Keywords: Immediately placed implants, implant supported overdenture, resonance frequency analysis (RFA)


How to cite this article:
Koshy AT, Mathew T A, Mathew N, Joseph AM. Assessment of implant stability during various stages of healing placed immediately following extraction in an overdenture situation. J Indian Prosthodont Soc 2017;17:74-9

How to cite this URL:
Koshy AT, Mathew T A, Mathew N, Joseph AM. Assessment of implant stability during various stages of healing placed immediately following extraction in an overdenture situation. J Indian Prosthodont Soc [serial online] 2017 [cited 2022 Aug 12];17:74-9. Available from: https://www.j-ips.org/text.asp?2017/17/1/74/176530


  Introduction Top


According to the WHO, edentulous patients are considered as “physically impaired.” The classic treatment for such patients would be to fabricate conventional complete dentures. Patients who are treated with such dentures often complain of the instability of their lower dentures. These dentures are fully tissue borne and transmit all of the functional forces onto the residual ridge thereby resulting in rapid loss of the remaining alveolar ridge.[1] To counteract this problem, denture adhesives came into the market these adhesives offered a temporary solution for the poor retention of these dentures with underlying etiology remaining unsolved.

An implant supported overdenture is a simple and an excellent treatment alternative to the problem of a loose, unstable denture thereby restoring masticatory function, speech, and the confidence level of the patient. Although the initial expense for an overdenture is high when compared to conventional denture, on a long run, an implant overdenture using ball attachments have proved to be more retentive and cost-effective.[2]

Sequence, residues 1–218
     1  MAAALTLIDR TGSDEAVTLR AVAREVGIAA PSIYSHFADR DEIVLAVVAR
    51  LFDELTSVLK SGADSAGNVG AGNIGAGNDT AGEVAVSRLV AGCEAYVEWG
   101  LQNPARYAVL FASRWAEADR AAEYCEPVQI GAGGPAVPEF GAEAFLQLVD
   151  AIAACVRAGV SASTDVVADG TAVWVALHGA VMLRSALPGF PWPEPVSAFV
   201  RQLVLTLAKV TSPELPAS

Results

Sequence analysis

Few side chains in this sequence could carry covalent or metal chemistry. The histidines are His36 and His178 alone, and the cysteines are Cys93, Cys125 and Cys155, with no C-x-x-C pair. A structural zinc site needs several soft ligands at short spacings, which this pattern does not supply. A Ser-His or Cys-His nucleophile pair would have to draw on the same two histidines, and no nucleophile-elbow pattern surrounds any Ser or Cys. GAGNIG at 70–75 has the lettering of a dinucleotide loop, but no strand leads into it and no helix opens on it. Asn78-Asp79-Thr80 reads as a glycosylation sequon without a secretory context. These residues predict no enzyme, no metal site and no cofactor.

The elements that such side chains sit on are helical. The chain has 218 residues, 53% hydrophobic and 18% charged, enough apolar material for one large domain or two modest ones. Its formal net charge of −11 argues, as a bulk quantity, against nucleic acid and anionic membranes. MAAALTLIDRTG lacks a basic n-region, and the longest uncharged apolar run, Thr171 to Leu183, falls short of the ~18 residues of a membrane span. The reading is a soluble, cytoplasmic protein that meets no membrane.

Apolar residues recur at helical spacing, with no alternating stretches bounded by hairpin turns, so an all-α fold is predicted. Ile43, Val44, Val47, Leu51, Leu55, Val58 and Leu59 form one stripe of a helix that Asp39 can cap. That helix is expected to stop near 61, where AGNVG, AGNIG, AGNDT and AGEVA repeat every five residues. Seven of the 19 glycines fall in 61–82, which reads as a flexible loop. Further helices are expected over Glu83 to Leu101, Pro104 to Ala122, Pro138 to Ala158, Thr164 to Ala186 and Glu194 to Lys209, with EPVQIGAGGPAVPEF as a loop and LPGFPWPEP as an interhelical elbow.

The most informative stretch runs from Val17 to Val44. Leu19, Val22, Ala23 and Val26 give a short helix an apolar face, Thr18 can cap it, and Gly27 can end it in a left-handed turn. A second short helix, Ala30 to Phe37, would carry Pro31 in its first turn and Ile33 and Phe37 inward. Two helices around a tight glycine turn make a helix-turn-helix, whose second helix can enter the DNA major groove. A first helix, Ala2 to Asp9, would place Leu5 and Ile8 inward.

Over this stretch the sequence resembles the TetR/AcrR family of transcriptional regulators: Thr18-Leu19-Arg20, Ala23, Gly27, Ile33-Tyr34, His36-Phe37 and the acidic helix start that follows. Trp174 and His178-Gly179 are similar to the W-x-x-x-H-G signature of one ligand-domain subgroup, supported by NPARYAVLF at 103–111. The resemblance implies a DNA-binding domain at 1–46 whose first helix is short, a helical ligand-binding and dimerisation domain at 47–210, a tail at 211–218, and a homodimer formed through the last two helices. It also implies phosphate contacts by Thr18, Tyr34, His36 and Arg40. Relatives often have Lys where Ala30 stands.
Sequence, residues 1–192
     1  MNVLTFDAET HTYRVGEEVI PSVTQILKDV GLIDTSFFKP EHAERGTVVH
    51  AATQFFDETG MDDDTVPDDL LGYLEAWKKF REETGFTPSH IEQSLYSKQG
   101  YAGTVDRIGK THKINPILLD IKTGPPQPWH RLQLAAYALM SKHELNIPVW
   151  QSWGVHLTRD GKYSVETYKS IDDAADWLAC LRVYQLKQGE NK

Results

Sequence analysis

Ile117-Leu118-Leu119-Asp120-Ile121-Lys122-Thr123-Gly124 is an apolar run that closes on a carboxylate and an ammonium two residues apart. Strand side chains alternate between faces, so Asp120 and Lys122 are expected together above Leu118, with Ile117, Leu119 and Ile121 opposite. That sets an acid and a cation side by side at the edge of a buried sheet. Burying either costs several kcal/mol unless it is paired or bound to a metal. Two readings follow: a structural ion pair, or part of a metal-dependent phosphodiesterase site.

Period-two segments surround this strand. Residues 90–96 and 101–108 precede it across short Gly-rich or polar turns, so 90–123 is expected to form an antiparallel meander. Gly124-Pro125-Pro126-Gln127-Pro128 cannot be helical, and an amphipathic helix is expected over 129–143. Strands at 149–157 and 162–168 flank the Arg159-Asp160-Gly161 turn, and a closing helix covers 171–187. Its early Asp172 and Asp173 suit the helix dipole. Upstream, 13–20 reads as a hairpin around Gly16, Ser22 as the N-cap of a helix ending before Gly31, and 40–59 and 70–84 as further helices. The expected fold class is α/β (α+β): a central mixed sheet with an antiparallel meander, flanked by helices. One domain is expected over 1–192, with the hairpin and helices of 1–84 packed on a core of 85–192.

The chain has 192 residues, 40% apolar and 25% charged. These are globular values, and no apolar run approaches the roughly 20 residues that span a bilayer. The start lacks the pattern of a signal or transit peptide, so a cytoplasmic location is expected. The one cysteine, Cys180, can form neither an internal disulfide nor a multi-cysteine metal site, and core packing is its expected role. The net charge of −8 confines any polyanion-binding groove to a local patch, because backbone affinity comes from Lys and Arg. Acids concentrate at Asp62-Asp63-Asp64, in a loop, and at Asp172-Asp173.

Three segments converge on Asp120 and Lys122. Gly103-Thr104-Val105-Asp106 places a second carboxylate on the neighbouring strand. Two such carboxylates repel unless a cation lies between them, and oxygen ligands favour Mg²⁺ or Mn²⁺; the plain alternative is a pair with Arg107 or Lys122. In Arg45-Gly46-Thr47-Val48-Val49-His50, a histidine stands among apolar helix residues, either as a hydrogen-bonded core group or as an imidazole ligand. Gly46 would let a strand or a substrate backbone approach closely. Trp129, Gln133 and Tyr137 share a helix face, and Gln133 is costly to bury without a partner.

These dentures receive their support from the mucosa as well as from the implants. Implants placed immediately after extraction carries the advantages of reduced treatment time and reduced number of surgical experiences. The success of such implants depends on the underlying physiologic changes that occur at the bone-implant interface.[3]

A sound understanding of these biological changes that takes place at the bone-implant contact interface during the early phases of healing would guide the clinician from premature loading, which may result in implant failure.